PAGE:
• Information on your permit can be found at the Office of the State Engineer.
  • Keep records of your septic system maintenance. Septic tanks should be pumped every three to five years.

Well protection

  • Keep chemicals at least 100 ft away from wellhead
  • Do not house livestock or animals near wellhead
  • Do not store vehicles near wellhead

Free private well water quality testing opportunities

Water Fairs

The New Mexico Environment Department (NMED) – Ground Water Quality Bureau conducts eight water fairs a year throughout the state. Water fairs provide field testing for arsenic, electrical conductivity, fluoride, iron, nitrate, pH, and sulfate. To learn more, visit:

Field offices

Some NMED field offices provide limited testing for Iron, Fluoride, and Nitrate. To learn more, visit:

These testing options are screenings and do not substitute for laboratory tested and certified results.

What do I need to do if I find out that my drinking water has bacterial contamination?

  • If you had your private well tested and the results indicate E.coli bacterial contamination, you can obtain general information about what to do from the NMED DWB website fact sheet about Boil Water Advisories.
  • The Center for Disease Control also has valuable information about disinfecting your well if it has become contaminated with bacteria. That information can be found at the CDC Website.

What do I need to do if flooding occurs?

Bottled Water – Who is responsible for water quality in bottled water?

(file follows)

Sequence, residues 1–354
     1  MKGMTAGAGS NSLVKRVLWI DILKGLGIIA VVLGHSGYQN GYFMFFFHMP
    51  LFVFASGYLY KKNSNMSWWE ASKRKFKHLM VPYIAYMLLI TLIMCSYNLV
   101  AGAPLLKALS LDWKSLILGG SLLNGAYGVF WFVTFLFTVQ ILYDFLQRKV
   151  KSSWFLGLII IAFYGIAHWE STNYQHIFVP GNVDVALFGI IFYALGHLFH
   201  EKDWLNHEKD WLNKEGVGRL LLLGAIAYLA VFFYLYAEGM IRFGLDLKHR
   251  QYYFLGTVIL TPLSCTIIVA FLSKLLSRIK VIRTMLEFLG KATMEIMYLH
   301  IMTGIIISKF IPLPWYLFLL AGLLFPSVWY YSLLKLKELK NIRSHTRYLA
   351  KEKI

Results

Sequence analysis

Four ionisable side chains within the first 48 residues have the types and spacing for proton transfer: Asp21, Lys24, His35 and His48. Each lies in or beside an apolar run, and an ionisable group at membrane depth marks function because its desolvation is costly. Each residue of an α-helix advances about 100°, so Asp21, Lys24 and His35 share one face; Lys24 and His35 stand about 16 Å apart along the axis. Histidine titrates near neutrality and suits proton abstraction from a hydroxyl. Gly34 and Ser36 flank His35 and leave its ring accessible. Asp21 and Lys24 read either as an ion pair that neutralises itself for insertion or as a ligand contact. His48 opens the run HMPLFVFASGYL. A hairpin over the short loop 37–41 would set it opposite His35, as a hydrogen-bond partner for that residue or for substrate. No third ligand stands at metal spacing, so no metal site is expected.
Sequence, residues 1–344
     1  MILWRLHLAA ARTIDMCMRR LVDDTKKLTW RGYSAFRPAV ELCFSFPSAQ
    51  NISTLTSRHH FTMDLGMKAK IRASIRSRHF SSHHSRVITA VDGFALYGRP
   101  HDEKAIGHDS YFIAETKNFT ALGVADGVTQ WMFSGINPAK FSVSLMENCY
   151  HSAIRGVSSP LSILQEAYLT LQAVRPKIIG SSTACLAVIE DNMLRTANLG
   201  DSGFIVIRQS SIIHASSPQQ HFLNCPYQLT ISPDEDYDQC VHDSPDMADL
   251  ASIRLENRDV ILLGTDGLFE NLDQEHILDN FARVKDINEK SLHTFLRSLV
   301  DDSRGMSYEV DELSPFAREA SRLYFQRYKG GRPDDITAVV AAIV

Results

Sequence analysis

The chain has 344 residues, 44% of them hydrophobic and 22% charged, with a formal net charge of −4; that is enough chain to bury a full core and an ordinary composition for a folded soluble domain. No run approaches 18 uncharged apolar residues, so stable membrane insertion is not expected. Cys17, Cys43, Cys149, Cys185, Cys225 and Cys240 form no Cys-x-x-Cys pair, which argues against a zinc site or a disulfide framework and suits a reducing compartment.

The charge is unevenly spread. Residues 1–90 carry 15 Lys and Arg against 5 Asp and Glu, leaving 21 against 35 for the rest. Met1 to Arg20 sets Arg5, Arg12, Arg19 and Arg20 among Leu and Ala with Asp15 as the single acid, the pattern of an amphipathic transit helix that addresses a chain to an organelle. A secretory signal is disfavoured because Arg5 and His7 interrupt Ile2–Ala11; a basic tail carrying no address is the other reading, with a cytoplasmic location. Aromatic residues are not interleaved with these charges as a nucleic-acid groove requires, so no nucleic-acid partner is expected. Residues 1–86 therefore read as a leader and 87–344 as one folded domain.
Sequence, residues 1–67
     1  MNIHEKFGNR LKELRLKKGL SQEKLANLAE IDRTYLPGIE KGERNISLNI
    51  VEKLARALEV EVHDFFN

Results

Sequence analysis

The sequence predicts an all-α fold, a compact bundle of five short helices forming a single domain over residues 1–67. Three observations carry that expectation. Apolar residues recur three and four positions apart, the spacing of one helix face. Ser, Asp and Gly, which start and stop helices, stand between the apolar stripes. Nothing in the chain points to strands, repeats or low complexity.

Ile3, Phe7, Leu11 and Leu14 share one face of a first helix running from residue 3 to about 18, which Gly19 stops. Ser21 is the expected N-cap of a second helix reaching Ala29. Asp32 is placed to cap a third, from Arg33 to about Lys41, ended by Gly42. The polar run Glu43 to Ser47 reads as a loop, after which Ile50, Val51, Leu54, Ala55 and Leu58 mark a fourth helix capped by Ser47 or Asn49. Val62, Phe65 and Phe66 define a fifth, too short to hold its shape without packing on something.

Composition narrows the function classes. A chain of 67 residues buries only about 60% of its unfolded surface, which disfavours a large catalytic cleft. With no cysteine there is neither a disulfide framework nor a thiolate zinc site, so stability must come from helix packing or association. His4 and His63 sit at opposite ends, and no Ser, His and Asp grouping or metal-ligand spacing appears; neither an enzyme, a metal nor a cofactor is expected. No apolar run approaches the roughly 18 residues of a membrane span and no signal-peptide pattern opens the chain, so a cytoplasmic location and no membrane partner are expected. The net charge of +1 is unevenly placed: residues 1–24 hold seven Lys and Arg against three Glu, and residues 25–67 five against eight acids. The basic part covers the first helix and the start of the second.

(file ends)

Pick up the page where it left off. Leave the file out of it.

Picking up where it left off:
The NMED Food Program exists to protect New Mexicans from food borne illness.  Included in its oversight responsibilities is bottled water from New Mexico bottlers.  Multi-state bottlers are regulated by the FDA. 

What if my well goes dry?

  • You can contact the NMED/DWB to get the names of water haulers that have been inspected and certified by the State to haul drinking water: (877) 654-8720
  • If your well does not replenish and you need a new well, you can get information about well drillers from the New Mexico Office of the State Engineer.

Home Inspection Finding – The home inspection report for property that I  want to purchase had a finding of “well & septic are located too close”.  What needs to be done?

Contact the NMED Onsite Wastewater Program and ask to be connected with a Liquid Waste Specialist for your area. 

Cistern Systems – My lender wants to have written certification for the cistern system on the property that I want to purchase.

There are no NMED DWB regulations for private cistern systems.  Try contacting a local building code office to see if there are local regulations and/or inspectors who can certify cistern systems.

Private Well Records – Where can I find historical records for my well?

  • Ask the New Mexico Office of the State Engineer whether your well was previously registered: (505) 827-6091
  • Look up the Water Right Summary for your well online, at the New Mexico Office of the State Engineer website:
  • Ask for all water testing history from Seller/Realtor

Additional Resources

Contact Us

Drinking Water Bureau
Ph: 505-476-8620

Utility Operator Certification: